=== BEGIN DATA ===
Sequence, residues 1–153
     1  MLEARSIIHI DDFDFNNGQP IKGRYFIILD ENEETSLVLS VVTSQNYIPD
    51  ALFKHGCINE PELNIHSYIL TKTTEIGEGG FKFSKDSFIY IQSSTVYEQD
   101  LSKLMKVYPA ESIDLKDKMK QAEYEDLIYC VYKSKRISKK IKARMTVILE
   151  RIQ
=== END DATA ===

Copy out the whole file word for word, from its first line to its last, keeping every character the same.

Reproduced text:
Sequence, residues 1–153
     1  MLEARSIIHI DDFDFNNGQP IKGRYFIILD ENEETSLVLS VVTSQNYIPD
    51  ALFKHGCINE PELNIHSYIL TKTTEIGEGG FKFSKDSFIY IQSSTVYEQD
   101  LSKLMKVYPA ESIDLKDKMK QAEYEDLIYC VYKSKRISKK IKARMTVILE
   151  RIQ